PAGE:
Small Goals – Big Results, Using Micro Goals in Google Analytics

- July 13, 2012

Since childhood we have been told to “Think Big”, “Dream Big” and that “Bigger is Better.” But are these adages true for companies trying to define their Google Analytics goals? As marketers, we are trained to identify macro goals first. These are the goals that are most closely tied to ROI. They are our conversions and the money makers. However, the pressure to “Go big or go home” often leads us astray; defining success by strictly a number of conversions.

In the ever growing online industry, one size truly does not fit all. If we continue to look to macro goals as the only success metric, we end up manipulating data and ignoring the obvious misfit. In many cases, and as any jewelry adoring woman will tell you, good things in life can come in small packages.

When defining Google Analytics goals for your website, try to look at the big picture. If you are gauging success solely on conversions, you may be missing out on an opportunity to capture meaningful data on a smaller scale. Micro goals, or micro conversions, are a way to strategically track visitor engagement across your site. Though we would like to believe visitors come to our site strictly to convert; that is simply not accurate. Visitors browse, check out blogs, download PDFs and generally learn more about your company before they determine if they will officially engage. By tracking these behaviors, online marketers can begin to draw conclusions about events that eventually lead to conversions. Common micro goals include:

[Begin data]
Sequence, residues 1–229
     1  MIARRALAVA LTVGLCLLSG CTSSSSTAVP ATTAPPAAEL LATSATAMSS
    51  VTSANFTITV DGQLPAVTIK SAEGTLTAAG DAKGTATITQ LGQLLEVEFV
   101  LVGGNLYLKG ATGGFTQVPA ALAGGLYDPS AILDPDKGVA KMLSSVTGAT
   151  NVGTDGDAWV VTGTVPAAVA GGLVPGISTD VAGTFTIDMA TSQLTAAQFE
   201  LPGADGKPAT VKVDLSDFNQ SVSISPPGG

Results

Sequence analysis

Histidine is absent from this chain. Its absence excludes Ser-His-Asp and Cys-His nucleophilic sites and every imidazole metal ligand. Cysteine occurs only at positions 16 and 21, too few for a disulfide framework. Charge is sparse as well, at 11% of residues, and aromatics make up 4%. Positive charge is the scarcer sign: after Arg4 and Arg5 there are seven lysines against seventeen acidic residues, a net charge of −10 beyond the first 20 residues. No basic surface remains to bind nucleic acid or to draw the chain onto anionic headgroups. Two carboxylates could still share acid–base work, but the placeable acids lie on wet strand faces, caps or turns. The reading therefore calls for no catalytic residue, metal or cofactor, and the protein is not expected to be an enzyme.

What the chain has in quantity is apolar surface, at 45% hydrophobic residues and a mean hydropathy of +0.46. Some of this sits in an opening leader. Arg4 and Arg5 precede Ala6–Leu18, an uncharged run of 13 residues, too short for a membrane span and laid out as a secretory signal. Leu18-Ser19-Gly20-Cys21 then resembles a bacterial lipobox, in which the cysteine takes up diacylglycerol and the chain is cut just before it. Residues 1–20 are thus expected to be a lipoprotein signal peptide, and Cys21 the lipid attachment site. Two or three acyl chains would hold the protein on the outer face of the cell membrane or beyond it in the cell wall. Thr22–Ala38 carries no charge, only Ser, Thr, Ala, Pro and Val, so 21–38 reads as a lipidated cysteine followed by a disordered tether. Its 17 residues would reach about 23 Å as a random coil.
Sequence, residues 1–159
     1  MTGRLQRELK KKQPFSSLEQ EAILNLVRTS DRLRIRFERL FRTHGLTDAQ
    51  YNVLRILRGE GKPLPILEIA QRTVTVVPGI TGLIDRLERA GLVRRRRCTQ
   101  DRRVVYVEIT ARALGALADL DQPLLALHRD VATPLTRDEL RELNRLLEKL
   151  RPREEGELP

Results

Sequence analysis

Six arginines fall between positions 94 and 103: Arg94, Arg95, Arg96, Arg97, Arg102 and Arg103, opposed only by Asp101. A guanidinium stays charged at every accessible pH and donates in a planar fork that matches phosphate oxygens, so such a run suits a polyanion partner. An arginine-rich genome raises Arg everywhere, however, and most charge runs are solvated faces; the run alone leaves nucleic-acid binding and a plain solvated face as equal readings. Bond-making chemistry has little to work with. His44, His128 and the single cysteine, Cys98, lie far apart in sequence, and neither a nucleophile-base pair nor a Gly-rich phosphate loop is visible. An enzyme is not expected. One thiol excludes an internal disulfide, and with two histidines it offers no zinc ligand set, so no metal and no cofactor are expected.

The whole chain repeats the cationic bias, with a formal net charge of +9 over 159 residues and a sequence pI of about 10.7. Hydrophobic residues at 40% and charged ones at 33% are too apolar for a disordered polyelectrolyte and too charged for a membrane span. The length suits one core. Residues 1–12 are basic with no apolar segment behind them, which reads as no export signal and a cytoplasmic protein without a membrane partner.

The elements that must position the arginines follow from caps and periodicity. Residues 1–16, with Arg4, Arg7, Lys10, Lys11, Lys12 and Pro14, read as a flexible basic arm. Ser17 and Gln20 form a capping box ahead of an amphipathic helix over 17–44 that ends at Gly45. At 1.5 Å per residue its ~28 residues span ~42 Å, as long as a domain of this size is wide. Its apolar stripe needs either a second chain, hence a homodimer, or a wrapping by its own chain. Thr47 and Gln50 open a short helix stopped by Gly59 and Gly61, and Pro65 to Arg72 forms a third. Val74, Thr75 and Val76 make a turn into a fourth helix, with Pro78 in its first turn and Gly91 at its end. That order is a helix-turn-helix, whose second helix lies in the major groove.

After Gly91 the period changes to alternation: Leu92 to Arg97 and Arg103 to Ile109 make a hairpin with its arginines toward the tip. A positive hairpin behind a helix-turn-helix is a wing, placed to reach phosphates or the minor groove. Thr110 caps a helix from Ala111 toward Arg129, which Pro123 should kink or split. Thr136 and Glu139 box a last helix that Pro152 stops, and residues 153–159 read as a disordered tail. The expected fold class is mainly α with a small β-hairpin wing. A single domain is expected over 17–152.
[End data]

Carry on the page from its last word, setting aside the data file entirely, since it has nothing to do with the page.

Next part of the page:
• Using a Live Chat Feature
  • Social Engagement
  • Signing up for Newsletters
  • Viewing the Contact Us Page
  • Dowloading PDFs or Whitepapers
  • Viewing Videos
  • Submitting a Comment or Post

You might discover a visitor who downloads your white paper is 5 times more likely to submit a contact form and ultimately convert. The trick is to determine which of these activities are meaningful to your business and emphasize them in your future marketing plans. While micro goals will never replace the traditional conversions goals, they should be considered as part of the overall picture of customer site behavior and the sales funnel.

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